Electric motors have been around a very long time. I wonder if the auto companies are "recreating the wheel" (I.e. "recreating the motor") or if they are tapping into existing manufacturers and their technologies as "partners". I know that battery issues are still a large problem, but Tesla has made their electric technologies public.

Al, I don't think you've been reading Design News regularly. Just do a search for ev new motor technology and you will find lots of articles on breakthrough inventions. The old brush-type universal motors don't seem to be getting much usage beyond. golf carts. Have you heard of Brushless DC (BLDC) motors? A quick search on Google patents for motor AND (electric vehicle) between January 2007 and May 2017 returns 1440 hits.

Sorry the above is somewhat unreadable. The UBM web function ate all my paragraph breaks. Too bad this was never tested before putting it into production.

I think you made my point. There are lots of new improvements on electric motors. However, are they made by and for the auto industry or by standalone motor manufacturers for motors used for other purposes? Companies need to partner with each other to improve both sides. Car manufacturers are experts in ICE, and make a lot of money building and selling ICE motors. If they sell cars with electric motors made by other companies, their personal profits will be reduced.

Auto dealers make a lot of money on repairs and fluid changes. They lose a lot of that with electric cars, so they're not too interested. Plus, they have to spend time and money to train mechanics to service electrics - which they'd rather not do.

This article may have been relevant a year ago but technically not today. Automobile manufacturers do not want the public to buy Ev's . Because they don't make enough money in the usual stream. Maintenance repair, etc. Ev1 was a historical example of that mainstream auto makers are only selling Ev's because the pollution of ice cars have forced governments to ban them. The cost of oil will go up as demand droppes. Our present electric production is enough to supply all the cars converted to Ev's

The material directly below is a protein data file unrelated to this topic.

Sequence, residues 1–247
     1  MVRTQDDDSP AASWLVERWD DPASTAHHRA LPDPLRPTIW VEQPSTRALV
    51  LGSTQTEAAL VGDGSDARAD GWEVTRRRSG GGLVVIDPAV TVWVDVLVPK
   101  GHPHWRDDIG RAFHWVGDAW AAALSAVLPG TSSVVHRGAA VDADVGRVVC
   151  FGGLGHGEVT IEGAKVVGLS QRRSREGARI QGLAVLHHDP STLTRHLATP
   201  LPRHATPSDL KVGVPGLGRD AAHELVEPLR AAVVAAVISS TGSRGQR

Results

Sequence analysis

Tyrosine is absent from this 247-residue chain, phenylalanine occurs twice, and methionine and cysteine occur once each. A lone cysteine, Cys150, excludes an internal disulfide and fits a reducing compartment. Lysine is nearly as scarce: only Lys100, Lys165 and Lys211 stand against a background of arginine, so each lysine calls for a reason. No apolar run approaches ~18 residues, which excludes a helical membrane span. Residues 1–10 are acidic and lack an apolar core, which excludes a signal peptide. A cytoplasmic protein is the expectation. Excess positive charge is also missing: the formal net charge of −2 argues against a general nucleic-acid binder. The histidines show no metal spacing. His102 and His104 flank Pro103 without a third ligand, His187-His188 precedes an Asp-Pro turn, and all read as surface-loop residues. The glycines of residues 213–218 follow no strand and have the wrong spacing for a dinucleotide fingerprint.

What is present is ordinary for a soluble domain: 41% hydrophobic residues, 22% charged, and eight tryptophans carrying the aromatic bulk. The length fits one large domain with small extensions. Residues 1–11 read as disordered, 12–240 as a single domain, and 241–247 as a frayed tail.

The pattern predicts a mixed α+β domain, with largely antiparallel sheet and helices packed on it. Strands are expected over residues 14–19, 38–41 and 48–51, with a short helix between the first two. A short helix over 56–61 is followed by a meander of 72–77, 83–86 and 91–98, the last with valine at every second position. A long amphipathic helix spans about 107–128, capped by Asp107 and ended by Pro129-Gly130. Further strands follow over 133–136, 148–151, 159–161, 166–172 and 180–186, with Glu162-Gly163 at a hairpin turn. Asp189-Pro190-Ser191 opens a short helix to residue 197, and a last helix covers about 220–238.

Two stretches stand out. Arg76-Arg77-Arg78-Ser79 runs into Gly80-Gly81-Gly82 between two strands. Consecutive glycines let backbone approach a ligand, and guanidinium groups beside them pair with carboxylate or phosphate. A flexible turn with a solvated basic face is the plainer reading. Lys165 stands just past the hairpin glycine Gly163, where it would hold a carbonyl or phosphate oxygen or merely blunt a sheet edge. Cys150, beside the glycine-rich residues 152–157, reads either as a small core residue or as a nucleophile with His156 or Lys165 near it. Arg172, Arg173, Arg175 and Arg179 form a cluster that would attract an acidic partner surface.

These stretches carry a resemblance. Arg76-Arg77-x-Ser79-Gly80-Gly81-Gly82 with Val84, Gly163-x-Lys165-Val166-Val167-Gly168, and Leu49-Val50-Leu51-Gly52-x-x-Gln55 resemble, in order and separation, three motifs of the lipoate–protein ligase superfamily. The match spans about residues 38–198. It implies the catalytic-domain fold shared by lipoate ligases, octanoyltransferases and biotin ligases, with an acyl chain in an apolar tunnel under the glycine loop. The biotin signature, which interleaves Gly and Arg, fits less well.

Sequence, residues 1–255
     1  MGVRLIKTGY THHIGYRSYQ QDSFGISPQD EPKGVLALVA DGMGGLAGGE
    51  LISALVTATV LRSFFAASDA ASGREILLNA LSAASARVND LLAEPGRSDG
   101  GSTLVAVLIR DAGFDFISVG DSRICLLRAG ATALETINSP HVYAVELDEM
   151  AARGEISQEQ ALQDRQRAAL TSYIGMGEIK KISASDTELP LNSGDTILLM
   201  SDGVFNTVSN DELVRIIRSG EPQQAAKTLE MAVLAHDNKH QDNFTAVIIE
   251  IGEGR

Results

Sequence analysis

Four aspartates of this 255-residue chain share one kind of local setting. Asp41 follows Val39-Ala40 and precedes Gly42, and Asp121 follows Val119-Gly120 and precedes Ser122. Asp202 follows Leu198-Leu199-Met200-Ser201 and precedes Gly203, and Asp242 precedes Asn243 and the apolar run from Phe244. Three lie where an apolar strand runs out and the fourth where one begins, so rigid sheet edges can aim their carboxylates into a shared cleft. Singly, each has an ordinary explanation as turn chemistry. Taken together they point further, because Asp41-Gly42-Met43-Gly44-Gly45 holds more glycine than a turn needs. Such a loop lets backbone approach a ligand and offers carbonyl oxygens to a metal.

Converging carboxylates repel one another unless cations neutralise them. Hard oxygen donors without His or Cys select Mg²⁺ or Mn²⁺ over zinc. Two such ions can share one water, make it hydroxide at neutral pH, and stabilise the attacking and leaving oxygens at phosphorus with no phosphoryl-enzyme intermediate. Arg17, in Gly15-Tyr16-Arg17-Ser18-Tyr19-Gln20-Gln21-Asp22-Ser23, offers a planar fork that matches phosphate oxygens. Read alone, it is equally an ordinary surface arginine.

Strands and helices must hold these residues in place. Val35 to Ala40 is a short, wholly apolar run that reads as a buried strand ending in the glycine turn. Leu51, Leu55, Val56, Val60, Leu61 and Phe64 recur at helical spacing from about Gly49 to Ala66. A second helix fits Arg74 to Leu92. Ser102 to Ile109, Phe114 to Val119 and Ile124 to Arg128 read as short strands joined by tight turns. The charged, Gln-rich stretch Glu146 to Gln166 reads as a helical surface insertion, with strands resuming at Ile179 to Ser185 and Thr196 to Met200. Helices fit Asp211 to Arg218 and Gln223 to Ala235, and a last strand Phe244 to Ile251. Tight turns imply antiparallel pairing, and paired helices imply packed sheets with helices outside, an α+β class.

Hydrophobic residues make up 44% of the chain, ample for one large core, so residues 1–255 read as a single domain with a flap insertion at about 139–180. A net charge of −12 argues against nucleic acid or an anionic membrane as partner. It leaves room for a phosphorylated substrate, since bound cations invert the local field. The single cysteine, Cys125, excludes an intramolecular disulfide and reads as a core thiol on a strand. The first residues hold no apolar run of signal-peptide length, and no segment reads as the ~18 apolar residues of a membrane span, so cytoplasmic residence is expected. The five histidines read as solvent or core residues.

"The cost of oil will go up as demand droppes." Not sure about that. Usually a commodity's cost drops as demand drops, although sometimes it can rise again if demand resurfaces after supplies are cut back. Government subsidies can also play an important role in this.

Please save this article for 10 years so you can reread it in the context of one that was so off the mark as to be comical. Wake up.....the reason we call renewables by that name is they don't run out like fossil fuels. The also don't cause pollution and climate change. You are behind the curve of history and electric IS the future.

The notion of keeping two cars, one for local driving and electric, and the other, fueled by something combustible and for long-range driving, is for those whose wealth exceeds their intelligence. When someone creates an electric car with my station wagon's carrying capacity, its 500 mile range, and the ability to recharge/refuel in just a few minutes, but which is within a reasonable purchase-price range, then, maybe, I might replace my diesel-powered Volvo 245GL with it, and not until.

Maybe insults your intelligence, but many families have multiple vehicles for different purposes already. And you don't have to own a car for long-range driving - you can rent one for those few occasions. Even when they do market a car that meets your stated requirements, it won't be the ideal car for everybody.